Mindfulness-based Approach Doesn’t Reduce Distress in Advanced Prostate Cancer Patients, Study Finds

Mindfulness-based Approach Doesn’t Reduce Distress in Advanced Prostate Cancer Patients, Study Finds

Patients with advanced prostate cancer don’t seem to benefit from mindfulness-based cognitive therapy (MBCT) to alleviate the distress associated with their disease and treatment effects, according to a recent study published in the Journal of Clinical Oncology.

The Australian study, “Mindfulness-Based Cognitive Therapy in Advanced Prostate Cancer: A Randomized Controlled Trial,” shows that MBCT delivered by group teleconference has similar results compared to men who received minimally enhanced usual care.

It is estimated that more than 3.8 million men are still living with prostate cancer five years after their diagnosis.

According to the American Cancer Society, when all stages of prostate cancer are included, the five-year relative survival rate is almost 100 percent; the 10-year relative survival rate is 98 percent; and the 15-year rate is 95 percent.

But, the study said, although most men are diagnosed with localized disease, 40 percent will eventually see their disease progress, and up to 20 percent will become castration-resistant or metastatic at some point during their disease.

Acknowledging that they live with an incurable disease, together with the side effects of both the disease and its treatment, can lead to a severe reduction in quality of life, especially in advanced prostate cancer patients, according to the study, led by Suzanne K. Chambers, Ph.D., from Griffith University in Gold Coast, Australia, and colleagues.

They found that patients often experience psychosocial symptoms such as depression, anxiety, and post-traumatic stress disorder.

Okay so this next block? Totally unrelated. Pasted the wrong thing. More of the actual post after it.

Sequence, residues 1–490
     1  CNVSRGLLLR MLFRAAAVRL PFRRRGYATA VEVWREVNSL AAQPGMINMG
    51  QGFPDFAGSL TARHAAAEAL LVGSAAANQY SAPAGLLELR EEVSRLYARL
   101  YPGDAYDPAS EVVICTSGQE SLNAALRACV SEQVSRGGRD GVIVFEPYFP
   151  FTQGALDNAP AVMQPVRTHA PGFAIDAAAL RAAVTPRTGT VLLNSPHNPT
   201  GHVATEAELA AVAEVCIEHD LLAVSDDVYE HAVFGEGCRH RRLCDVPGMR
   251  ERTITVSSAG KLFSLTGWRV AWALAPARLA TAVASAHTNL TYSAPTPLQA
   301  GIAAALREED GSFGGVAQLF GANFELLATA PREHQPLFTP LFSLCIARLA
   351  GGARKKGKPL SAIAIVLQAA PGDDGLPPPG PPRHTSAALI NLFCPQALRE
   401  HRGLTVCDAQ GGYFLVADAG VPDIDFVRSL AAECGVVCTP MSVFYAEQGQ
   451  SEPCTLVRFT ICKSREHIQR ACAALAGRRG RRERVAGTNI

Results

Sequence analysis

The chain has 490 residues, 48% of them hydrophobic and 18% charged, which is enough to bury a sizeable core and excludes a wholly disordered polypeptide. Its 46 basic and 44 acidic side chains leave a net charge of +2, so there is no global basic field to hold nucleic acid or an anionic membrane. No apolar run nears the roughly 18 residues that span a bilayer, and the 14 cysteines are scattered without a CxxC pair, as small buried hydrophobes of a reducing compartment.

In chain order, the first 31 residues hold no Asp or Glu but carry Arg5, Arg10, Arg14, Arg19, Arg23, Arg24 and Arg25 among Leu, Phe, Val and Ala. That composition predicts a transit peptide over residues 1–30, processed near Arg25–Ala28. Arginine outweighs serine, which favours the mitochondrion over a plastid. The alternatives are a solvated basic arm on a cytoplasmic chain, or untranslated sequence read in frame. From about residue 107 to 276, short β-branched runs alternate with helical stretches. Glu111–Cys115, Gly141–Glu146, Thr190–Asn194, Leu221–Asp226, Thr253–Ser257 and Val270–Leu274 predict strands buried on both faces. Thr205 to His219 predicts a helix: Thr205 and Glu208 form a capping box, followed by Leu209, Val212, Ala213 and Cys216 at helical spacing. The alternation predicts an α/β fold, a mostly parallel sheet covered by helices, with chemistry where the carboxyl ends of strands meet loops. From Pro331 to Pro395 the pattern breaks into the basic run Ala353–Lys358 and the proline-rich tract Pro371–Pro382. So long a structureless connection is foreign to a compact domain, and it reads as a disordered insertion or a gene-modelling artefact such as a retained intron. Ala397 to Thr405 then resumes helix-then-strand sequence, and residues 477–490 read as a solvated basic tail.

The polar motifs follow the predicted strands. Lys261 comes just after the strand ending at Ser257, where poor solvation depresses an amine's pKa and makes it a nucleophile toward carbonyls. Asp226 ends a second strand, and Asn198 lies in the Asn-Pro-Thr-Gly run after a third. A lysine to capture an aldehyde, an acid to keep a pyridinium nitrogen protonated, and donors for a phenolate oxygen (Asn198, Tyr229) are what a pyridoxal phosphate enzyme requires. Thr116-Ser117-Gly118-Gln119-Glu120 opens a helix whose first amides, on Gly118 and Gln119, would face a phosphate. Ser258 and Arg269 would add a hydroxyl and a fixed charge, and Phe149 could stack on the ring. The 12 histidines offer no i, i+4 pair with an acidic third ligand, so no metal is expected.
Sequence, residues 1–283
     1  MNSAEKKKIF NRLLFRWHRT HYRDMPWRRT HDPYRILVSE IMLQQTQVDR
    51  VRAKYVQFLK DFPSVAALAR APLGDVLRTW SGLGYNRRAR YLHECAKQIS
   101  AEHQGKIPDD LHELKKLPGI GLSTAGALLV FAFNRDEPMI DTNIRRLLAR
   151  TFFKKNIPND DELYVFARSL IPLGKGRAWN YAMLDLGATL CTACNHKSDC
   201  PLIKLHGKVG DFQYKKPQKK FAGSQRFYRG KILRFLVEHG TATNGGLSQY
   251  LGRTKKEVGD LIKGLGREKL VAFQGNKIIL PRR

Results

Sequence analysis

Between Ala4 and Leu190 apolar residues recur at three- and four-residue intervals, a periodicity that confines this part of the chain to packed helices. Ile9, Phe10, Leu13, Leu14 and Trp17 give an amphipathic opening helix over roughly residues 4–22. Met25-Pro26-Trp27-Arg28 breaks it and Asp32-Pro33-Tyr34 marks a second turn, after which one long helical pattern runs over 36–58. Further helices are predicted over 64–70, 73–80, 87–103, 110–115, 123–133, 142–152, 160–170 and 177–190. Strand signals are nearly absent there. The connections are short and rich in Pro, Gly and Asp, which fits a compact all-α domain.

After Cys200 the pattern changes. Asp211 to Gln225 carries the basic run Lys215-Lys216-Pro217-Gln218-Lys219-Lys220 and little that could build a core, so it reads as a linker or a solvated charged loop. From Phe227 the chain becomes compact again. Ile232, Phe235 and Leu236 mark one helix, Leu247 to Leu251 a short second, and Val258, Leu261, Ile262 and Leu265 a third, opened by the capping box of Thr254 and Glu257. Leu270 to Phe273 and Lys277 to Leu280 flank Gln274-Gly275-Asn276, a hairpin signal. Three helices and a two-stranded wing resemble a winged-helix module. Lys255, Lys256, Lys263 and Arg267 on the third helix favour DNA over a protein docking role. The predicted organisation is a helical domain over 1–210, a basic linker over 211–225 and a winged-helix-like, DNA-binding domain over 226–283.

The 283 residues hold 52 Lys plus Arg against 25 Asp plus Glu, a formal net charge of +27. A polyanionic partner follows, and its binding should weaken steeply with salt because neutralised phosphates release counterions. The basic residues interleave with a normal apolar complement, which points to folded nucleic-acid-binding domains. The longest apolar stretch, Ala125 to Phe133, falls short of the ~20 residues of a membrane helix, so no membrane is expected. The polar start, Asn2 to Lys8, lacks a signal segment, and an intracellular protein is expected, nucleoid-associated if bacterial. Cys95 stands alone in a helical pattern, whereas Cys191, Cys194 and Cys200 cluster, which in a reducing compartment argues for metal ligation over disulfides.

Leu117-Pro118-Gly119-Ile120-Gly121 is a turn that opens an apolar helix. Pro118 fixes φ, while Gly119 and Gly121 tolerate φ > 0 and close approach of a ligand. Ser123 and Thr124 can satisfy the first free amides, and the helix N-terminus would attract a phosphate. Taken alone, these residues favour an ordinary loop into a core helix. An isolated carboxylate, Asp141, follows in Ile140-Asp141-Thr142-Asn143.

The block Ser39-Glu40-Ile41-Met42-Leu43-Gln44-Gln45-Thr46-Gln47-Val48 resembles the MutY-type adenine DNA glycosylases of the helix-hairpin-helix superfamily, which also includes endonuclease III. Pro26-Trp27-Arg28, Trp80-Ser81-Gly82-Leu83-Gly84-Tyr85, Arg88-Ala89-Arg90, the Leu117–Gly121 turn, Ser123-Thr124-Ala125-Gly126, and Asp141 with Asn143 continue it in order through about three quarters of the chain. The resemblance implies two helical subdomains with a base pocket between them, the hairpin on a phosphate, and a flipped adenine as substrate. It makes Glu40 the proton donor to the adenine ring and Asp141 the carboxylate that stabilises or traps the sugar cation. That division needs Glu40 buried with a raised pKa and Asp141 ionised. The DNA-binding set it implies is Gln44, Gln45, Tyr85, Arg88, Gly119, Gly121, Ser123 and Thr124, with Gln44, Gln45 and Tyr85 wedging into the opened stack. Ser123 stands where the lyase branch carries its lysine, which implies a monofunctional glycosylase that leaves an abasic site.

Mindfulness-based approaches have proven effective in decreasing psychosocial symptoms in cancer patients, especially in those with breast cancer, suggesting it may also be a promising approach in prostate cancer patients.

Researchers conducted a randomized controlled trial to assess the effectiveness of MBCT in reducing psychosocial distress in men with advanced prostate cancer. This approach involves getting men more aware of their experience, leading them to become less reactive to difficult experiences, and helping them to better cope with their disease.

The study enrolled 189 patients who were randomly assigned to receive either an eight-week, group-based MBCT intervention delivered by telephone or minimally enhanced usual care — standard care for advanced prostate cancer patients minimally enhanced with patient education materials, such as relaxation information, booklets on coping with cancer, a guide on nutrition for people with cancer, and information on support services in the participant’s home state.

Participants were assessed at the start of the study and at three, six, and nine months after the inititation of treatment.

Results revealed that compared to men receiving minimally enhanced usual care, those who received MBCT showed no significant changes in intervention outcomes or engagement in mindfulness.

However, men in the MBCT group showed an increase over time in their skill of observing, which was not seen in the control group.

“MBCT in this format was not more effective than minimally enhanced usual care in reducing distress in men with advanced PC,” Chambers and her colleagues wrote. “Future intervention research for these men should consider approaches that map more closely to masculinity.”